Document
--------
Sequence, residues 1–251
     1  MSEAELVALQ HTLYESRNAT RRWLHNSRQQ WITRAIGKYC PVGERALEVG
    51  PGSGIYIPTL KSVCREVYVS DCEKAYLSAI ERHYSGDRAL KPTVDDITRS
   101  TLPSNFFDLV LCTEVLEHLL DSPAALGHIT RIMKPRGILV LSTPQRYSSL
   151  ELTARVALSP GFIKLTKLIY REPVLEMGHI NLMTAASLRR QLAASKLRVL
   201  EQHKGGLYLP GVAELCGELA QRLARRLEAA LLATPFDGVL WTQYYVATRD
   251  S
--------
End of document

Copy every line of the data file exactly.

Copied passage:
Sequence, residues 1–251
     1  MSEAELVALQ HTLYESRNAT RRWLHNSRQQ WITRAIGKYC PVGERALEVG
    51  PGSGIYIPTL KSVCREVYVS DCEKAYLSAI ERHYSGDRAL KPTVDDITRS
   101  TLPSNFFDLV LCTEVLEHLL DSPAALGHIT RIMKPRGILV LSTPQRYSSL
   151  ELTARVALSP GFIKLTKLIY REPVLEMGHI NLMTAASLRR QLAASKLRVL
   201  EQHKGGLYLP GVAELCGELA QRLARRLEAA LLATPFDGVL WTQYYVATRD
   251  S